A Streatham Vale-based rugby international claims the game must tackle cultural racism to attract more youngsters from ethnic minorities.

Shahid Rafiq made his debut for Pakistan last month and is bidding to help spur his country into the top-100 IRB world rankings after wins over the Philipines and Guam in Manilla.

Twelve other British Asian rugby players made the trip alongside the 33-year-old back row, and Shahid hopes their success will inspire others to take up the game.

"Muslim parents do not want their children playing rugby because of its drinking culture so, outside of school it is difficult to get young players into the game," said Shahid, who is also commercial director of the British Asian Rugby Association (BARA).

"Many Asians also place a high value on education at the cost of sporting interest, while some parents do not have time to take their kids to clubs or won't want them playing with non-Muslim youngsters.

"With the success of the national side we can become role models and prove the sport is compatible with the Muslim way of life.

"International rugby for Pakistan shows there is a vehicle for success in the game and a way British Asians can ultimately represent their country."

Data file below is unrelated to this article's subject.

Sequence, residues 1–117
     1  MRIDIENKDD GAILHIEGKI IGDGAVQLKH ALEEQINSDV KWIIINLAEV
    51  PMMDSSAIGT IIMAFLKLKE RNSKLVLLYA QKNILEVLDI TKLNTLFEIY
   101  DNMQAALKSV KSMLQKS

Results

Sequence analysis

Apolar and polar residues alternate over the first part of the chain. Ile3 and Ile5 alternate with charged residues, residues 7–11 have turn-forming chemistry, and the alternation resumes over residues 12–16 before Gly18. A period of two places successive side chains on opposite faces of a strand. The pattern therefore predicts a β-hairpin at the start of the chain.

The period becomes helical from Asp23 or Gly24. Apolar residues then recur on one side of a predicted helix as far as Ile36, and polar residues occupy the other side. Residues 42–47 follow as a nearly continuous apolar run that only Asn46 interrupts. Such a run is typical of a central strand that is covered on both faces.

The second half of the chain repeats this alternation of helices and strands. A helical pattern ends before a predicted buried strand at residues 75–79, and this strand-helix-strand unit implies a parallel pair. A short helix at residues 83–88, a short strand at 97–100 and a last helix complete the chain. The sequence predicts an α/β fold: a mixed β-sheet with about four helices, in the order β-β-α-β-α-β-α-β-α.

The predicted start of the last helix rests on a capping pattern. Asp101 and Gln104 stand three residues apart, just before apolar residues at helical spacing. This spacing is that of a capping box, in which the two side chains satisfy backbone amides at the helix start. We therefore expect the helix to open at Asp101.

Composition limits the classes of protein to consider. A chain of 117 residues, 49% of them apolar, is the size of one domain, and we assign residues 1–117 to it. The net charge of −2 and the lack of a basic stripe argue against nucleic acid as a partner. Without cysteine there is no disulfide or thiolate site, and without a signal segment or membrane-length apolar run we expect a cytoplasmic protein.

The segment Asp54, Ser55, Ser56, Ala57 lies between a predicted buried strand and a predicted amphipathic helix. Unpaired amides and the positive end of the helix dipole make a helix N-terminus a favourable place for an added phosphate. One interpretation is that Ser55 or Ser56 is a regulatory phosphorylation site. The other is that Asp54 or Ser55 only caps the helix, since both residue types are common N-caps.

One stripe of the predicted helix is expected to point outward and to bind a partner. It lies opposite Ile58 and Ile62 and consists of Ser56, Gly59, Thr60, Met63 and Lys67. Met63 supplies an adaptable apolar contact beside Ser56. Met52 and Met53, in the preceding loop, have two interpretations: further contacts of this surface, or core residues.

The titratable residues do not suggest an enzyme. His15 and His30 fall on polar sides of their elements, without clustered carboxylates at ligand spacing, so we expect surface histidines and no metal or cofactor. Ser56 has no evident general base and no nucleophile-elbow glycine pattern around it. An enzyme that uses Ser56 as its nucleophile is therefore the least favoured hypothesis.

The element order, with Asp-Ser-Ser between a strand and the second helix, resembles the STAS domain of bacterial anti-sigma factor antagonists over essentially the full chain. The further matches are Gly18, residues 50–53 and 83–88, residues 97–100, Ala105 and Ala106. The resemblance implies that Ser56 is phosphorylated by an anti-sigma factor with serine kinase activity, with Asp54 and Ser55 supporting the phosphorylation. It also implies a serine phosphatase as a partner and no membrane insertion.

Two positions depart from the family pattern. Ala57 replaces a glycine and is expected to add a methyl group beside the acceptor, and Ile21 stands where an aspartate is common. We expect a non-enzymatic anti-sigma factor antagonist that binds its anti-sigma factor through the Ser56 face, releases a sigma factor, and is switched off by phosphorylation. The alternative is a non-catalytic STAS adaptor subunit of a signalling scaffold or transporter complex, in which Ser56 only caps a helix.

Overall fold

Pakistan won their South Asia Division Five league fixtures 27-22 against world number 82-ranked Guam, who fielded a number of American ex-pats, and 24-3 over the Philippines.

Self-employed IT expert Rafiq, who plays club rugby for Battersea Ironsides, played a key role in both triumphs.

The Pakistan RFU was established only in 2001 with three clubs in the entire country and 100 British-based players registered with the BARA, who are bidding to recruit more players into the game.

Pakistan have now been promoted into the Division Four and will be soon ranked alongside the likes of Finland, Monaco and Bulgaria.

Despite sweating it out in Manilla while his Ironsides team-mates put their feet up for the summer, Rafiq enjoyed the experience.

"It was quite hot out there with the standard of rugby a little higher than I am used to," he said.

"But I am towards the end of my playing days so I'm enjoying making up for lost time."

For more details on BARA visit www.bararugby.com